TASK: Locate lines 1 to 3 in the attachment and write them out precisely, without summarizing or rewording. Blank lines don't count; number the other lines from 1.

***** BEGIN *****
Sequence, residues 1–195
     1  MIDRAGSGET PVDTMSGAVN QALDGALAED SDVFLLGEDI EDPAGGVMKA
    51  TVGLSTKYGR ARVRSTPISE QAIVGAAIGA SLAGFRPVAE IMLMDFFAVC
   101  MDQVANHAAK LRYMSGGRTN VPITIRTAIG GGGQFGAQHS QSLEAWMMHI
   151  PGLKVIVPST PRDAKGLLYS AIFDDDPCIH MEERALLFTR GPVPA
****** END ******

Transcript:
Sequence, residues 1–195
     1  MIDRAGSGET PVDTMSGAVN QALDGALAED SDVFLLGEDI EDPAGGVMKA
    51  TVGLSTKYGR ARVRSTPISE QAIVGAAIGA SLAGFRPVAE IMLMDFFAVC